Published: October 29th 2010October 7th 2010
Russia, at first, seems to be a huge, impenetrable fortress. A land where you need to fill out pages of forms, (proving your existence, your intentions, with a few passport sized photos), just for a one week visit. The former Soviet empire, looming over Europe like a forbidden forest. And finally, with a reason to visit and a girlfriend who can speak the language, here was my ticket into the deep dark woods...
As if sorting out all the papers wasn't hard enough (you have to buy an invite from a hotel for visa eligibility) our entrance across the Finnish/Russian border was impeded because someone on the bus had been accused of having a fake passport. A fake passport! And luckily for me, I passed through just before they did, so I had a great vantage point to watch as the passport control seized the passport from the unlucky individual and summoned the chief interrogator. Espionage, Bond, Bourne, drug running, identity theft, terrorism... these thoughts were all flooding through my mind. I couldn't believe what I was seeing, I'd predicted the Russian border to be a highlight and here it was, happening right behind me. And even
though it was all in a different language, Karina later translated everything for me because she was even closer to the prime suspect.
In fact, she was the prime suspect.
She had relied on her Belarusian passport to get through without a visa. But, this passport was from the glory days when Karina was 16 going on 17, had black looking hair, and what appears to be an afro. It looked almost too fake to be called a fake. But, fake was the accusation, and Karina was to spend the next 30 minutes (30 minutes!!) being cross-examined by the head customs official. Every stamp was scrutinised. Every page was perused. Every detail dissected. I watched from 2 or 3 metres away on the Russian side, unable to gauge the mood because I couldn't understand a single word. Now she had her Swedish passport out and they didn't look too pleased about that one either. They kept asking where she'd got it from, and no answer was good enough. It's strange really, when a passport is considered the ultimate proof, how do you prove it is legitimate?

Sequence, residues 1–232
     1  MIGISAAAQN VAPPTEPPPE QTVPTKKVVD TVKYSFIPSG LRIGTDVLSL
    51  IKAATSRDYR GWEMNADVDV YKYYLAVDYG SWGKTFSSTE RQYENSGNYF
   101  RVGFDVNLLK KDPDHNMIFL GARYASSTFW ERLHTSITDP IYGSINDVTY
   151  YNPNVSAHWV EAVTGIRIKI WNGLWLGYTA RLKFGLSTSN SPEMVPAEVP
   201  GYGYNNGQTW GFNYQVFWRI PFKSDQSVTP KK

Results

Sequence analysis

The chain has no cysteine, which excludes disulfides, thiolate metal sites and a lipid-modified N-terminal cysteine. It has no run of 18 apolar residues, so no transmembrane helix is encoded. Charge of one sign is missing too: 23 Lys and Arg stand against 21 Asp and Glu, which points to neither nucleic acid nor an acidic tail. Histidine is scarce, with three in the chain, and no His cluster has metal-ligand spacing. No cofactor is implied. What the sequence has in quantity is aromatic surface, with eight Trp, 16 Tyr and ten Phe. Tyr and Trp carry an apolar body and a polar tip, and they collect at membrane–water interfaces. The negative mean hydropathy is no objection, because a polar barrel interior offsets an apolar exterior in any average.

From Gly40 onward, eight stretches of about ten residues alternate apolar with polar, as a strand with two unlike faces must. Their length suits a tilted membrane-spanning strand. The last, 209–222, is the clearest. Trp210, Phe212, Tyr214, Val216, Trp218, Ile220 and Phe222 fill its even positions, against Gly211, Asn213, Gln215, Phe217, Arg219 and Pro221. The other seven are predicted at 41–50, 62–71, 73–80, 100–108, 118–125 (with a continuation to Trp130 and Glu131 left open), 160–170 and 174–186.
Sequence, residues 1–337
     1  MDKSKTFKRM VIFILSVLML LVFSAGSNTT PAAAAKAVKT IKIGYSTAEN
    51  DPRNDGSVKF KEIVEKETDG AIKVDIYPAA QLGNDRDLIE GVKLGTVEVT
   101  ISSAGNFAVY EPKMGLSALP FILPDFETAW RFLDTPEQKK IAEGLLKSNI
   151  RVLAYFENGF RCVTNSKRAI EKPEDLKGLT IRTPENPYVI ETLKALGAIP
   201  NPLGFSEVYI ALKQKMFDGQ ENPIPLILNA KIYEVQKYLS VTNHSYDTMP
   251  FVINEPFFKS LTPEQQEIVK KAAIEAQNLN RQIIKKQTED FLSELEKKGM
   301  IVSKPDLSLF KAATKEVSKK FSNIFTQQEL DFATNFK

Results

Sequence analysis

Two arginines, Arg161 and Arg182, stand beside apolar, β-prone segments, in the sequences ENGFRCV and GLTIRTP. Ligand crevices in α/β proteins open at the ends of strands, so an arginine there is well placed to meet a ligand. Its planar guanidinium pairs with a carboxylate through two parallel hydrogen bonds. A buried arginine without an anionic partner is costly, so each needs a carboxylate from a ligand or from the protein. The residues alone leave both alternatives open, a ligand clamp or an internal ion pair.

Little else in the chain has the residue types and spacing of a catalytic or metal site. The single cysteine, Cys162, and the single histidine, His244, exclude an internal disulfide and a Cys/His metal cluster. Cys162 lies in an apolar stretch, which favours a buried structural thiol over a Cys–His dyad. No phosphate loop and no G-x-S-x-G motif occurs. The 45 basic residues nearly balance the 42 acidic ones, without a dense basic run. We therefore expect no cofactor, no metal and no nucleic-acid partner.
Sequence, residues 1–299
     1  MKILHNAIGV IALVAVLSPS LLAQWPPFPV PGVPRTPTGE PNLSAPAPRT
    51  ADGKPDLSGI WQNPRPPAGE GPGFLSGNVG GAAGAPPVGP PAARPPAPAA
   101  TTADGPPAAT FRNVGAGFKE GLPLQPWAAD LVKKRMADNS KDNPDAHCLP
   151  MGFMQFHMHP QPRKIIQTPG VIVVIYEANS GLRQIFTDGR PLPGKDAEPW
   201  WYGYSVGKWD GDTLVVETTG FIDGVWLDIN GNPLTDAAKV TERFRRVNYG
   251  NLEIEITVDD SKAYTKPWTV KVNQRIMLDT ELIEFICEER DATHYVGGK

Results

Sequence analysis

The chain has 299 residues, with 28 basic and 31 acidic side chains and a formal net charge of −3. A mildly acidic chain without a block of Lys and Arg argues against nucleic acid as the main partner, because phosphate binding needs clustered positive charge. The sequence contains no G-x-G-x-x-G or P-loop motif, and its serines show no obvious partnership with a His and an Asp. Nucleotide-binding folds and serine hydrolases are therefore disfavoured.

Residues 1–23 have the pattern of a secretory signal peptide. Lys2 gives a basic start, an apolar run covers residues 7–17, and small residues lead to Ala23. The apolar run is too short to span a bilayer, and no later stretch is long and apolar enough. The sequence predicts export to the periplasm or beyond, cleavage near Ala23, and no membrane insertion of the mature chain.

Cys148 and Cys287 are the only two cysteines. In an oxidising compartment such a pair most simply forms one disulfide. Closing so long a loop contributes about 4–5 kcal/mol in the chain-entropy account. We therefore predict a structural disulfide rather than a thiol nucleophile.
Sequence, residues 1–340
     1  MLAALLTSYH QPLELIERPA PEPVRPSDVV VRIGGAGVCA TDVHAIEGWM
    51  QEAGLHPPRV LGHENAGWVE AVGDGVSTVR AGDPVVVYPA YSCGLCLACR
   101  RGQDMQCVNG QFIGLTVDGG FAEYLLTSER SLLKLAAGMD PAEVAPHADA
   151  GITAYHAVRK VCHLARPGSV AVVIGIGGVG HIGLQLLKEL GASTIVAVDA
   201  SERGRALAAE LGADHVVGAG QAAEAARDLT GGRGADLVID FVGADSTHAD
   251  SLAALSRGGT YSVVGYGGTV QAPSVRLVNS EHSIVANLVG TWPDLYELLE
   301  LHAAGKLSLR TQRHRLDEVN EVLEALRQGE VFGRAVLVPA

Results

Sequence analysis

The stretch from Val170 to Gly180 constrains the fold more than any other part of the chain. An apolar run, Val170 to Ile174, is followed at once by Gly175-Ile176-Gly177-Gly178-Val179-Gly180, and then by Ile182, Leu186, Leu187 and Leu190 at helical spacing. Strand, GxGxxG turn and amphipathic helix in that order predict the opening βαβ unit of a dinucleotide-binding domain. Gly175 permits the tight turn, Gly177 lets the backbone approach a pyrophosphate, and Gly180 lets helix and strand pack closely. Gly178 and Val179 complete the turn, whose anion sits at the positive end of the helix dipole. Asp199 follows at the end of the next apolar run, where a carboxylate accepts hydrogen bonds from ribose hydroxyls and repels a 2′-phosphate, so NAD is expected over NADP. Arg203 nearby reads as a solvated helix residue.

Meanwhile, a bus load of passengers could do nothing but wait,
and I sat there confused on the Russian side, one eye on Karina and the other on the bus, ready to run for it if it started to pull away. What would I do if she didn't get through? I was thinking of all the bookings we'd made, the strict deadlines on the visas.